He claims that having bricks and mortar venues enables operators to track addictive gambling more easily.Rank bans about 600 people a month from its premises for a variety of reasons, including for trying to gamble too much money too quickly.
‘The difference with online gambling is that you have got it [your smartphone] in your pocket and can do it at any time you choose,’ he says.
‘And the one advantage for us is that we have got the customer in front of us.So we can see them. We can see their behaviour.’
O’Reilly’s image of gambling is mostly about having fun, which he attributes to his Irish Catholic upbringing, where he ‘grew up on the racetracks’ with an uncle who trained horses and a father who loved betting – especially on cards.’Gambling is in my blood,’ he says.
This deep-seated connection made his move from teaching business classes at North Staffordshire Polytechnic to the gambling industry a no-brainer.
He spent 19 years at Ladbrokes – beginning in the 1990s – expanding its online betting business before joining Gala Coral Group in 2011 and Rank in 2018.Rank was founded in 1937 by film producer Joseph Arthur Rank and was previously a conglomerate, owning film businesses including Pinewood Studios and Odeon, as well as leisure brands such as Butlins and Haven Holidays.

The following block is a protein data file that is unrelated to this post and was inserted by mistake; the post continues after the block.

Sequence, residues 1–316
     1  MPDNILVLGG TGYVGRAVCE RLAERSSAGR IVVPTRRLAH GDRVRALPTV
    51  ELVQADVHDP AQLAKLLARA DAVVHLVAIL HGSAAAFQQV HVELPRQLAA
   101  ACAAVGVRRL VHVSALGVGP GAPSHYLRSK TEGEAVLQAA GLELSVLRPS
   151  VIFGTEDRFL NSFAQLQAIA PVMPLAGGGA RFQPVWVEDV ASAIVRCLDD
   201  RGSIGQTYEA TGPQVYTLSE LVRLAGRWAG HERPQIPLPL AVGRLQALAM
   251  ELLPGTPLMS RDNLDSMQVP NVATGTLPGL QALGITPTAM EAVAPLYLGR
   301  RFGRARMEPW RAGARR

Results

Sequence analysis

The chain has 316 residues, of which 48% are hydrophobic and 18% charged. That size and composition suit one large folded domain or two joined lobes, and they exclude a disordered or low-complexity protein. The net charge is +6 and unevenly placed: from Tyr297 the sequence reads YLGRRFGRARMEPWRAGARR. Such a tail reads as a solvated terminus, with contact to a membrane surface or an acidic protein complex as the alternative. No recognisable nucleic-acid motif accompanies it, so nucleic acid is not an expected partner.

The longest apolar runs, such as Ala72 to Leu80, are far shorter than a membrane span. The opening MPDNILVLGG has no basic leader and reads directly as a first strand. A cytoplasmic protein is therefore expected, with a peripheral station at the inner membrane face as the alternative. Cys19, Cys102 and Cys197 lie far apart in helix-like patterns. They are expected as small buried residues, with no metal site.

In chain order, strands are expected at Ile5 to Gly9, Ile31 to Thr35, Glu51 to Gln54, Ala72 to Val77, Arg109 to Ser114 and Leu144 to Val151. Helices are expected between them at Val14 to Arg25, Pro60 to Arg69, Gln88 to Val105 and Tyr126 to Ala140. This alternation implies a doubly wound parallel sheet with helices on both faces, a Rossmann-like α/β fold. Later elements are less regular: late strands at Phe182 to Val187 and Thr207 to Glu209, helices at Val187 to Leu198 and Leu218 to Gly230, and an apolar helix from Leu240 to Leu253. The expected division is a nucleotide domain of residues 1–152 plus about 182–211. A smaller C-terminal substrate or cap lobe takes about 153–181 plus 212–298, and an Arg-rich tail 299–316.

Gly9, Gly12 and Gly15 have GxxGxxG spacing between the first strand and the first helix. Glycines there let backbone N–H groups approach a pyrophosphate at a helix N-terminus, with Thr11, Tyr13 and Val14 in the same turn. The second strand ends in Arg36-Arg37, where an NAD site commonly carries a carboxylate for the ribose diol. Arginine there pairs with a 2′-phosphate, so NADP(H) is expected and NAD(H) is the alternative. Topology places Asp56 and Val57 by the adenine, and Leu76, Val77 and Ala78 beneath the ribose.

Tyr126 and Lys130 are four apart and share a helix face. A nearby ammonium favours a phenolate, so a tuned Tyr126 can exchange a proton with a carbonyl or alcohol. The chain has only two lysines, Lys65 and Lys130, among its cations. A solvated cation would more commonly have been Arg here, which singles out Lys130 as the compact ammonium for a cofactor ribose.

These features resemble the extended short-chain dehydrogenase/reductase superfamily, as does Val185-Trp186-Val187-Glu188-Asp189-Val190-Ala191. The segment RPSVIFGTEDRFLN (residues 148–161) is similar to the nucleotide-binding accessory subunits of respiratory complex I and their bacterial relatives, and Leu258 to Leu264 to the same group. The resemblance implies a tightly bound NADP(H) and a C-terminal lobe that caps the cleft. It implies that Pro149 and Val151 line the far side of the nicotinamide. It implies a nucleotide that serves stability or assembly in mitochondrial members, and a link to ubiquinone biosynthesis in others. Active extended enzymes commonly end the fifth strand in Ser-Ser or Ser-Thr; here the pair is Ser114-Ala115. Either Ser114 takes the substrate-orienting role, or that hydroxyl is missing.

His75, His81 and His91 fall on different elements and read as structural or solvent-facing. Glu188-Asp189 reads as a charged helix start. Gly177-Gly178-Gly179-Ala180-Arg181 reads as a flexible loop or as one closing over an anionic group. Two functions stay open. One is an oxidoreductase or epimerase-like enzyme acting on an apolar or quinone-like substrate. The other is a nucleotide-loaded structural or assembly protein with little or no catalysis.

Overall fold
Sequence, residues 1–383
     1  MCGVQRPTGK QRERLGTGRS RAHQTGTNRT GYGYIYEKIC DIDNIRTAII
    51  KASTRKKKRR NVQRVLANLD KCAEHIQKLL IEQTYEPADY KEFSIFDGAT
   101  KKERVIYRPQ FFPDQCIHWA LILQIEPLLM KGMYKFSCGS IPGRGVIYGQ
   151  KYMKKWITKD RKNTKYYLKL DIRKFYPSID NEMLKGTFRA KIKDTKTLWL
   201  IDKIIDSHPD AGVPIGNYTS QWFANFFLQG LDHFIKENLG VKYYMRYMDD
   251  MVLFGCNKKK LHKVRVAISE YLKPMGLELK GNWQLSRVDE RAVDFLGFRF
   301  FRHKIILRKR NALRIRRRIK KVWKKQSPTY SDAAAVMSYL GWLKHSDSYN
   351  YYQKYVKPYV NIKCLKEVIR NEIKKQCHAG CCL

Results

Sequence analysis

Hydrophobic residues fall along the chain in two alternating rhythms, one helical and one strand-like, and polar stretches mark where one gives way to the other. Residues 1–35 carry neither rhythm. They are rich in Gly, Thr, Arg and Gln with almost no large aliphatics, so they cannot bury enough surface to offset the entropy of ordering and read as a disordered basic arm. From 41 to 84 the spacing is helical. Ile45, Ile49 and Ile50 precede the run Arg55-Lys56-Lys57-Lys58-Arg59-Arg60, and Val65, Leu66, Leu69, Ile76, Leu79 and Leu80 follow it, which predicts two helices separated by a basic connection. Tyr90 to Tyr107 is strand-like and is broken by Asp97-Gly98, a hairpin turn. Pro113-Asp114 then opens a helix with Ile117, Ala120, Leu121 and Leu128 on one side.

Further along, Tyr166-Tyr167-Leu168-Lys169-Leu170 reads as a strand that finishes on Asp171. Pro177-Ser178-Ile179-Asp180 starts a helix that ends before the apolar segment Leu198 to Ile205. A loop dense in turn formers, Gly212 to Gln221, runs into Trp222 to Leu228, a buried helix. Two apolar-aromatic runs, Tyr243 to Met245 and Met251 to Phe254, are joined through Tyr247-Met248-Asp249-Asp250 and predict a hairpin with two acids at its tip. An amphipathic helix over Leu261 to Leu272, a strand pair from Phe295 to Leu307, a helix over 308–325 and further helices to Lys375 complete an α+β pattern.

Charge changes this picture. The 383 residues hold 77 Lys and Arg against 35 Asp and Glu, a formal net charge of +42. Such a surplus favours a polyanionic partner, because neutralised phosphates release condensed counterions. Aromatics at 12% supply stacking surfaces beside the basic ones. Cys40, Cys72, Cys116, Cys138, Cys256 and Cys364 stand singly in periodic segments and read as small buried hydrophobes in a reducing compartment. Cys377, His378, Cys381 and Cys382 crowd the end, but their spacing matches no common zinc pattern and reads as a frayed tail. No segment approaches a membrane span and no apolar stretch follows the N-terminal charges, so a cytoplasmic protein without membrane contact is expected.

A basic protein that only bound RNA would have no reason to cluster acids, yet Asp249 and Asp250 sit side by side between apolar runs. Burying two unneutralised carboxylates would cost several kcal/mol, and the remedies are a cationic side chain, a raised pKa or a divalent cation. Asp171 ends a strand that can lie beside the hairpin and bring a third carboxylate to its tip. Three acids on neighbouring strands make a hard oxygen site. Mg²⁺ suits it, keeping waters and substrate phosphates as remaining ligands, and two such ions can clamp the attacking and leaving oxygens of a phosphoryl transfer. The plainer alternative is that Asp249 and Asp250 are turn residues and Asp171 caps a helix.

It eventually sold off much of its sprawling empire and focused on gambling -although it continues to use the traditional Gongman logo which can be seen at the start of many films including the Carry On series.
Today Rank is the only casino operator which is listed on the London Stock Exchange.
Despite O’Reilly’s upbeat outlook, investors do not appear to be totally convinced.
Shares are still 70 per cent lower than they were in 2020 and, unlike many of its gambling peers, it failed to enjoy an uplift during Covid, when there was an explosion in online betting.
However, its stock has surged since the White Paper was published, indicating there is some hope among shareholders that Rank stands to benefit.
As for O’Reilly, he just wants to bring people back through the doors – and have fun doing it.